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Showing courses 1-25 of 113
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Analysis of bulk RNA-seq data Wed 25 Mar 2020   09:30   [More dates...] [Full]

The aim of this course is to familiarize the participants with the primary analysis of RNA-seq data.

This course starts with a brief introduction to RNA-seq and discusses quality control issues. Next, we will present the alignment step, quantification of expression and differential expression analysis. For downstream analysis we will focus on tools available through the Bioconductor project for manipulating and analysing bulk RNA-seq.

The training room is located on the first floor and there is currently no wheelchair or level access available to this level.

Please note that if you are not eligible for a University of Cambridge Raven account you will need to book or register your interest by linking here.

4 other events...

Date Availability
Mon 18 Jun 2018 09:30 Finished
Mon 3 Sep 2018 09:30 Finished
Wed 27 Mar 2019 09:30 Finished
Mon 2 Sep 2019 09:30 Finished

This course will cover all aspects of the analysis of DNA methylation using sequencing, including primary analysis, mapping and quality control of BS-Seq data, common pitfalls and complications.

It will also include exploratory analysis of methylation, looking at different methods of quantitation, and a variety of ways of looking more widely at the distribution of methylation over the genome. Finally the course will look at statistical methods to predict differential methylation.

The course will be comprised of a mixture of theoretical lectures and practicals covering a range of different software packages.

The training room is located on the first floor and there is currently no wheelchair or level access available to this level.

Please note that if you are not eligible for a University of Cambridge Raven account you will need to book or register your interest by linking here.

7 other events...

Date Availability
Fri 24 Jul 2015 09:30 Finished
Wed 8 Jun 2016 09:30 Finished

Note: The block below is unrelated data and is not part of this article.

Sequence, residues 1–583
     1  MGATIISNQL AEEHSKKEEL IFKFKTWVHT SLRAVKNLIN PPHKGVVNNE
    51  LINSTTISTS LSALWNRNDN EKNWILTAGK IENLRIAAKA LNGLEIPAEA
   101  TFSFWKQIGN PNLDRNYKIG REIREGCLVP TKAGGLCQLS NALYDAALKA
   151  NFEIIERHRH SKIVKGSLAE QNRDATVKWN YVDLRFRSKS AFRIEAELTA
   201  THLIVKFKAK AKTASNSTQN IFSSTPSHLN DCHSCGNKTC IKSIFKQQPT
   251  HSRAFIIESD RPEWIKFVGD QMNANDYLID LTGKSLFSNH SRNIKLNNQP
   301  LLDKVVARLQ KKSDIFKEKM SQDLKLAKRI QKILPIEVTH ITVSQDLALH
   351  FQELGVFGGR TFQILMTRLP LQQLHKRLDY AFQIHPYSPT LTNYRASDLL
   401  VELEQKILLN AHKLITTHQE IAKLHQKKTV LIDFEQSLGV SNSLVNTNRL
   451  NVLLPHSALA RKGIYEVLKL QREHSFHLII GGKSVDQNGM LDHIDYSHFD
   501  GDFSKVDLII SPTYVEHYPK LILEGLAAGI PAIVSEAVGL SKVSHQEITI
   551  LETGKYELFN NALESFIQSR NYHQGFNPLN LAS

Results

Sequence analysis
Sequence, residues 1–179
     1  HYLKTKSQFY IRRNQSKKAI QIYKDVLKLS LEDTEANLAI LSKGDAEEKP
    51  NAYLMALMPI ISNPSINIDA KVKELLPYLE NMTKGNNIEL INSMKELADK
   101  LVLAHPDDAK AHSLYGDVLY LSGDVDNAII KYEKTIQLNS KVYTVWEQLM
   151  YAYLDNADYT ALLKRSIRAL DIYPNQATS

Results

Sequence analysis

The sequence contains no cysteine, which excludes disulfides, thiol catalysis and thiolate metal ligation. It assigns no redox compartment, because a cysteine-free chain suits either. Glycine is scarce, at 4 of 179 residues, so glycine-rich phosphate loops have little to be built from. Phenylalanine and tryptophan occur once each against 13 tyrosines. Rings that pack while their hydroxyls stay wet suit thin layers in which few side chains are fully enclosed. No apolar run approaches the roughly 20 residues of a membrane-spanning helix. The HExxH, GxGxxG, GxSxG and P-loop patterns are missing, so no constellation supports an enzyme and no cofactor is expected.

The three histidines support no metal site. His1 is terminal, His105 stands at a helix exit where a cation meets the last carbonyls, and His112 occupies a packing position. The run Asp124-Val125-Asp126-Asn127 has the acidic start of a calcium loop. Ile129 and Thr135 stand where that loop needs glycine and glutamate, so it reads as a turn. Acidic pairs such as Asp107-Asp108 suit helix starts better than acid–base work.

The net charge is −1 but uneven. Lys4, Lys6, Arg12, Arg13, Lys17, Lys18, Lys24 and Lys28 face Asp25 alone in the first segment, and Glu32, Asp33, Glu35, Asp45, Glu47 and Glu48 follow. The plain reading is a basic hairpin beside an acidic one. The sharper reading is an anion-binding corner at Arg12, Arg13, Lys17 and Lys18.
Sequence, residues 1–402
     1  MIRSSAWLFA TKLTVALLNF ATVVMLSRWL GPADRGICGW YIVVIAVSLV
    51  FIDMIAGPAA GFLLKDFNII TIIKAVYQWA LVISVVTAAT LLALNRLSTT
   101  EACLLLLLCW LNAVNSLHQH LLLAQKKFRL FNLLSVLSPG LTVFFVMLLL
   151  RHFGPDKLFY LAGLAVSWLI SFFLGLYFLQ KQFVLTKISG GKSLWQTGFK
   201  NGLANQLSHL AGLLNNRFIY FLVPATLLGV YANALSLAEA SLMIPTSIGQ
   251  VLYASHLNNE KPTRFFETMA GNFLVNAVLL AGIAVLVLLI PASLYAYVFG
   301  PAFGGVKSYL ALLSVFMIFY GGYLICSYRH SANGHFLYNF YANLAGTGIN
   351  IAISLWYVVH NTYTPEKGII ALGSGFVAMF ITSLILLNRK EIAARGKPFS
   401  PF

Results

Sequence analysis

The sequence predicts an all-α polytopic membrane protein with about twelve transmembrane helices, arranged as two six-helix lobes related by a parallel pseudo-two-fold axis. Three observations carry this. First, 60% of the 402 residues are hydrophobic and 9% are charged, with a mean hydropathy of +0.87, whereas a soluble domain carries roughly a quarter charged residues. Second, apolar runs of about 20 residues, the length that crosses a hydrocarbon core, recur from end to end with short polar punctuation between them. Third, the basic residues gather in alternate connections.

Fri 2 Dec 2016 09:30 Finished
Wed 14 Jun 2017 09:30 Finished
Wed 15 Nov 2017 09:30 Finished
Wed 27 Jun 2018 09:30 Finished
Fri 14 Dec 2018 09:30 Finished

This advanced course will cover high-throughput sequencing data processing, ChIP-seq data analysis (including alignment, peak calling), differences in analyses methods for transcription factors (TF) binding and epigenomic datasets, a range of downstream analysis methods for extracting meaningful biology from ChIP-seq data and will provide an introduction to the analysis of open chromatin with ATAC-seq and long-distance interactions with chromosomal conformation capture based Hi-C datasets.

Materials for this course can be found here.

Please note that if you are not eligible for a University of Cambridge Raven account you will need to book or register your interest by linking here.

This course provides an introduction to the tools available through the Bioconductor project for manipulating and analysing high-throughput sequencing (HTS) data. We will present workflows for the analysis of ChIP-Seq and RNA-seq data starting from aligned reads in bam format. We will also describe the various resources available through Bioconductor to annotate and visualize HTS data, which can be applied to any type of sequencing experiment.

The course timetable is available here.

Please note that if you are not eligible for a University of Cambridge Raven account you will need to book by linking here.

2 other events...

Date Availability
Mon 1 Jun 2015 09:30 Finished
Mon 30 Nov 2015 09:30 Finished
Analysis of mapped NGS data with SeqMonk Wed 3 Feb 2016   09:30   [More dates...] Finished

SeqMonk is a graphical program for the visualisation and analysis of large mapped sequencing datasets such as ChIP-Seq, RNA-Seq, and BS-Seq.

The program allows you to view your reads against an annotated genome and to quantitate and filter your data to let you identify regions of interest. It is a friendly way to explore and analysis very large datasets.

This course provides an introduction to the main features of SeqMonk and will run through the analysis of a couple of different datasets to show what sort of analysis options it provides.